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‘The Nasty Bunch is back’: New defense promises return to defensive dominance


A year after ranking near the bottom of Conference USA defensive leaderboards, new Defensive Coordinator Austin Armstrong and company have one priority for the season: bring the Nasty Bunch back.

“The first thing we wanted to do here is [teach] how to play defense,” Armstrong said. “Getting to coach in a place with such history and tradition, especially on the defensive side of the ball, it’s really almost a responsibility.”

Armstrong comes onto the scene from his stint as an inside linebackers coach at the University of Louisiana at Lafayette, where he helped the Ragin Cajuns last season hold three top-five defensive national rankings. At 28-years-old, he is the youngest coordinator in the Football Bowl Subdivision.

DC Austin Armstrong jumps on the sidelines during the season-opener against South Alabama. Photo by: Austin Lindsey

Despite his youth, Head Coach Will Hall has praised Armstrong as a “phenomenal” teacher, a skill that the new defensive coordinator has used to help players learn the new scheme. Armstrong said he has utilized the use of various learning styles to accommodate learning preferences.

“It’s a complicated but simple scheme at the same time,” senior linebacker Devin Thomas said. “When we don’t understand something, he [Armstrong] can bring it down to our level to help, and then we as a team tried to do a good job of listening and applying what they teach to us.”

Along with the new scheme, Armstrong and his staff have aimed to install a mentality that reflects the defense’s moniker: speed, toughness and physicality.

“We want to control the game and not let them control us,” Thomas said. “We don’t want to react, we want to be proactive. Armstrong, Coach Mark Kriner and all the defensive coaches have done a good job of putting that mindset into the game.”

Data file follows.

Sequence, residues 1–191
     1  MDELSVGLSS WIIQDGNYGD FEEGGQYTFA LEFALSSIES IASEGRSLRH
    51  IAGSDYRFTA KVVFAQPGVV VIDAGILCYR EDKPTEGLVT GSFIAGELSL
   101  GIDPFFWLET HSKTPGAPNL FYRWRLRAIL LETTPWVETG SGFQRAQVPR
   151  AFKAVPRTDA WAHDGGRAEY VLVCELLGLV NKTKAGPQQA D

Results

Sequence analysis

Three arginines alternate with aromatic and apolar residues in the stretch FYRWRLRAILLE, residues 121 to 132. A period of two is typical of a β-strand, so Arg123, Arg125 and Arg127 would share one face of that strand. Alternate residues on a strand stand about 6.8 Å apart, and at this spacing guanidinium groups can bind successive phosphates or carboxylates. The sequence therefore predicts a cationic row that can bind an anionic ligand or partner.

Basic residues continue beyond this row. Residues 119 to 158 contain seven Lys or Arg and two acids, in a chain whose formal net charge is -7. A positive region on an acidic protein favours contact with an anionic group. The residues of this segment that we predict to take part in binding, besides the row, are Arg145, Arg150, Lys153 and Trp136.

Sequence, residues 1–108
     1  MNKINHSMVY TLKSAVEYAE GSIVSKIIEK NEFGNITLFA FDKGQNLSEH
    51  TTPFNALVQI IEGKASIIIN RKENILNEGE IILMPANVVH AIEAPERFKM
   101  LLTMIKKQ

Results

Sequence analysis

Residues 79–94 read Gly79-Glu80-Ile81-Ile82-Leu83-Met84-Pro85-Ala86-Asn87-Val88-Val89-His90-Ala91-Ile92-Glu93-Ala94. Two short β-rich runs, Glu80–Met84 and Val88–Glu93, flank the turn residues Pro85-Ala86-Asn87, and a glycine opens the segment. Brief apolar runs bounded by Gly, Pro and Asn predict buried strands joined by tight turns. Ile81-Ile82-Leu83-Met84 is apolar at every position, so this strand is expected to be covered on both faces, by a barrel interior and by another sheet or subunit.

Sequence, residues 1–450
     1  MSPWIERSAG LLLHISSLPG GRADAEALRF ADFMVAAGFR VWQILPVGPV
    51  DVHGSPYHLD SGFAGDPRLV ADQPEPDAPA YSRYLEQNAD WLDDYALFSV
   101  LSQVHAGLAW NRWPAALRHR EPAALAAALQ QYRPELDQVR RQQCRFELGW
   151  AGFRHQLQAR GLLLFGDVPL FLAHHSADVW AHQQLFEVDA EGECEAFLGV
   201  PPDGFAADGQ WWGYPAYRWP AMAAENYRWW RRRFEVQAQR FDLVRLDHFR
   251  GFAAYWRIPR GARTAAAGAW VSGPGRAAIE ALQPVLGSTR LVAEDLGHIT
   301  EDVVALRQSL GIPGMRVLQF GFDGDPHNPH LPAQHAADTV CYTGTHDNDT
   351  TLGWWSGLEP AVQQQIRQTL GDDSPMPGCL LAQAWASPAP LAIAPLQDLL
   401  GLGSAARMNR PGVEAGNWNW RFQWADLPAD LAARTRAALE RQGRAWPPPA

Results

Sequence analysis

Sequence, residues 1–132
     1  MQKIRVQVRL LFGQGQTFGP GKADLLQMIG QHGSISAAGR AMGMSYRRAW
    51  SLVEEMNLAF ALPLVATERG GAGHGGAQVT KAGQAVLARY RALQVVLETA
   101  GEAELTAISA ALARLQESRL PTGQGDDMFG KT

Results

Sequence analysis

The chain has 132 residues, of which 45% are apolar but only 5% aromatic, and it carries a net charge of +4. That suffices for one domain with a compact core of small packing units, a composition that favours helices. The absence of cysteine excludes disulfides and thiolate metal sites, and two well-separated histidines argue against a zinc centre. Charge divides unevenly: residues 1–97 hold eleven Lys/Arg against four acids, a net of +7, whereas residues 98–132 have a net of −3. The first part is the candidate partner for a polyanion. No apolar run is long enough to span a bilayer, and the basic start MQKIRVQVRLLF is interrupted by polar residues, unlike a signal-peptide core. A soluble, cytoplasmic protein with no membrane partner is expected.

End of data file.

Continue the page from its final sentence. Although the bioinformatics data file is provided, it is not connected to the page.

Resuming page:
In the new scheme, the secondary has transitioned to man-to-man coverage, a task that defensive back Malik Shorts said has taught him to be more patient on defense.

“It’s about knowing what to read and when to read it. After that, he [Armstrong] just wants us to play fast and be ourselves,” Shorts said back in spring camp.

Malik Shorts takes the field against South Alabama with fellow defensive backs Camron Harrell and Eric Scott Jr. Photo By: Austin Lindsey

Southern Miss’s defense is led by team veterans but has an influx of newcomers, including Ole Miss transfer safety Jay Stanley and Southeastern Louisiana transfer linebacker Josh Carr Jr.

The team has noted its depth at the linebacker position throughout camp, a corps that redshirt freshman linebacker TQ Newsome said is versatile.

“A lot of our guys can do a lot of different things. We have athleticism in the room, we’re a really smart bunch and we’re going to surprise a lot of people,” Newsome said.

Josh Carr Jr. records a tackle for a loss against South Alabama.

However, injuries have plagued the linebacker and defensive line position throughout camp. Multiple starters have sat out fall practice with injuries, causing Hall and his staff to prepare different rotations in those groups.

While the Nasty Bunch’s return will depend on the unit’s health, the framework is in place with the new scheme and a refreshed mindset.

“We know what’s coming to us and we’re going to be aggressive, go out there and strike somebody,” Thomas said. “That’s the whole mentality as defense: the Nasty Bunch is back.”

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‘The Nasty Bunch is back’: New defense promises return to defensive dominance